This is a website about the Canterbury Tales. The Canterbury Tales is a collection of over 20 stories written by Geoffrey Chaucer. The framing device is that a group of pilgrims, including Chaucer, are traveling from London to Canterbury on a religious pilgrimage. On their way, the travelers hold a friendly story telling competition. The winner will receive a free meal at the Tabard Inn.
The Canterbury Tales are considered a literary classic and one of the finest works written in Middle English. It is difficult for modern readers to understand Middle English, so this website offers a summary of the main tales, and side by side translation as well as a dictionary of Middle English words. The text of the Canterbury Tales presented here is illustrated by numerous medieval woodcuts and illustrations.
Here you will find summaries of the tales as well as a biography of Chaucer and other resources such as a dictionary of Middle English, and background information about the historical and social background of the Canterbury Tales.
The motif of stories within stories was first popularized by Boccaccio's Decameron, and then copied by Chaucer, Margueritte de Navarre in her Heptameron, as well as many others. However the format is even older than these medieval classics, having been used as the framing device for the One Thousand and One Nights. The use of multiple story tellers allowed Chaucer to adopt differing points of views and narrative styles. Each of the pilgrims is different than his or her companions, but despite a certain individuality, the names of the characters -- mainly associated with a particular profession or trade -- implies that they are stereotypes, intended to satirize a certain aspect of society during Chaucer's time. Some of the characters, it must be said, barely rise above the level of literary devices, two dimensional and flat, whereas some of Chaucer's Canterbury pilgrims, such as the Wife of Bath, have fully developed personalities and are much more nuanced. The marked difference in the quality of the stories and the narrators may be due to the fact that the Canterbury Tales were likely never finished by Chaucer.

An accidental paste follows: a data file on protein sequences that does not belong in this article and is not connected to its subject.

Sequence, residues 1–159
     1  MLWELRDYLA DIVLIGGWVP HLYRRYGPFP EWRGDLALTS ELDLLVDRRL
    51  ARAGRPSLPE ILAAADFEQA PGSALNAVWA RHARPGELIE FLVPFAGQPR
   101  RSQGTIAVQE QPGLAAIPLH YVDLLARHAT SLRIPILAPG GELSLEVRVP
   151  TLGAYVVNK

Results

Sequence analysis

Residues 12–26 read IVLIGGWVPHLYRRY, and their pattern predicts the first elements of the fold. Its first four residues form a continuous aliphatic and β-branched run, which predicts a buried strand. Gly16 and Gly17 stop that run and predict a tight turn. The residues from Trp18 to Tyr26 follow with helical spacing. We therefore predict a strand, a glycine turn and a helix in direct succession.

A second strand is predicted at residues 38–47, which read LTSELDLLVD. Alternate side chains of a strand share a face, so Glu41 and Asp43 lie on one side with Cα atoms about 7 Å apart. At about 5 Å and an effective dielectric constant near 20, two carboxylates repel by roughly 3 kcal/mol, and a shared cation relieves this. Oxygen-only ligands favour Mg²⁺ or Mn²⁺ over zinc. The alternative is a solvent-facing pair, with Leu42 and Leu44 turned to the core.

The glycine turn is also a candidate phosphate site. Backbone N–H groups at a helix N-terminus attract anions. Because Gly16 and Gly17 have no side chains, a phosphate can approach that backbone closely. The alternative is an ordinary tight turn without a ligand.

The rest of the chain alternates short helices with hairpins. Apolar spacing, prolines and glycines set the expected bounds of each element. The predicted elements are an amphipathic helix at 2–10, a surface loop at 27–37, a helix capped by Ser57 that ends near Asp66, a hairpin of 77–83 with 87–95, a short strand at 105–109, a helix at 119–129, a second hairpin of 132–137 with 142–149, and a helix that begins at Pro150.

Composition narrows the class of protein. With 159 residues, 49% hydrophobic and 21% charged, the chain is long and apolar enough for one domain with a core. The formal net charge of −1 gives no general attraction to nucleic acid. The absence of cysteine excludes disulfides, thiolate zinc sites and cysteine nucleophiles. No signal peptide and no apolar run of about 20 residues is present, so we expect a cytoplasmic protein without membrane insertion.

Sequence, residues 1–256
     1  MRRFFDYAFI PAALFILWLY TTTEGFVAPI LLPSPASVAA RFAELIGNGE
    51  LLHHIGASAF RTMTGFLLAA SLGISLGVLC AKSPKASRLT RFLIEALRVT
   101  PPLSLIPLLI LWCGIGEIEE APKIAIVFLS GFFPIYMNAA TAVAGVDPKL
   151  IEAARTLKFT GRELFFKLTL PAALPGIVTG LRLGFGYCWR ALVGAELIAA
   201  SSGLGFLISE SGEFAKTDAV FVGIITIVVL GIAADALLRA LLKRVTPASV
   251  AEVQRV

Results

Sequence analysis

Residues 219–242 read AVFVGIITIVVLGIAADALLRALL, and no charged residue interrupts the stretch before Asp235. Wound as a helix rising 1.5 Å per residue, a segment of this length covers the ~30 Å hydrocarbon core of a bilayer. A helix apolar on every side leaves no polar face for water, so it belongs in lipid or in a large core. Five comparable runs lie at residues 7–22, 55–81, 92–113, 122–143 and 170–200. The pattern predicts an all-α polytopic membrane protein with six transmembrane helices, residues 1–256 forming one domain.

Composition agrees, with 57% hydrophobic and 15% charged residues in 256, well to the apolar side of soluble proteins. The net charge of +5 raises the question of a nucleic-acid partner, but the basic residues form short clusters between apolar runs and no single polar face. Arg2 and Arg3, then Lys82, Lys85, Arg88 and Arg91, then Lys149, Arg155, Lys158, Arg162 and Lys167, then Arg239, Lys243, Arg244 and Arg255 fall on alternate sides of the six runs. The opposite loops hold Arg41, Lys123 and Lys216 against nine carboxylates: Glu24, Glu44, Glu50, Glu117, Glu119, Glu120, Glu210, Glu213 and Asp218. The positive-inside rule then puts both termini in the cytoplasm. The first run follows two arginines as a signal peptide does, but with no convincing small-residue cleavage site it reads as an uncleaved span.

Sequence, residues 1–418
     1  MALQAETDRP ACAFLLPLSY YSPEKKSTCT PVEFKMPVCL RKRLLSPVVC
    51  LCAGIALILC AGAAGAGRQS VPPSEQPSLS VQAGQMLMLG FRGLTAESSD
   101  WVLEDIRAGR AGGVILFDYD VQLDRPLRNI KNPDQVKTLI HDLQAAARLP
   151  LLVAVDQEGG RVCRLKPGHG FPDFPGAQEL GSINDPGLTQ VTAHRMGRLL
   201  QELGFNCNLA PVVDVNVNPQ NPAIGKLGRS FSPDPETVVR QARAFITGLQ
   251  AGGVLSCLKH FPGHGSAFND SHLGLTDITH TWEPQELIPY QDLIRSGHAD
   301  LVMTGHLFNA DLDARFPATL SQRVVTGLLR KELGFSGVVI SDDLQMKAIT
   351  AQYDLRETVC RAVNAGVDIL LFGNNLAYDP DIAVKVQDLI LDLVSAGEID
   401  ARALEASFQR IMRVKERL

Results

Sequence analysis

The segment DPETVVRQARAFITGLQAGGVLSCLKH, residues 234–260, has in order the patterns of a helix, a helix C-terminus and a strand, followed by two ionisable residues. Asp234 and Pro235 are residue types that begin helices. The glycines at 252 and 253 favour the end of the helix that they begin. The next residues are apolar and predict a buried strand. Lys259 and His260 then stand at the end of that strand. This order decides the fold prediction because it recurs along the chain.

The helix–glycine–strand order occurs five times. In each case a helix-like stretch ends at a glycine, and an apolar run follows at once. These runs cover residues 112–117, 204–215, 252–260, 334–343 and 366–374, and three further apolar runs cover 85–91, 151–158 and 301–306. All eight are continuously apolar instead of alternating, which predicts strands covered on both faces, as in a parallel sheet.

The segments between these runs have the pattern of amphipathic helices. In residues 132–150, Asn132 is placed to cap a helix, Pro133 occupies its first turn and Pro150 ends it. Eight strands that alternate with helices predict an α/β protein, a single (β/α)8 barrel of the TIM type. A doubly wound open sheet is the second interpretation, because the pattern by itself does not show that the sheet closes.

Chaucer was not a professional writer. He had important duties at court which required his attention and much travel. It is likely that he never found the time to finish the Canterbury Tales. however it is a testament to his genius that even if unfinished, the Tales stand as an enduring work of fiction and earned Chaucer the high honor of being the first poet buried in Westminster Abbey. He would later be joined by the mortal remains of other literary luminaries such as Dickens and Milton.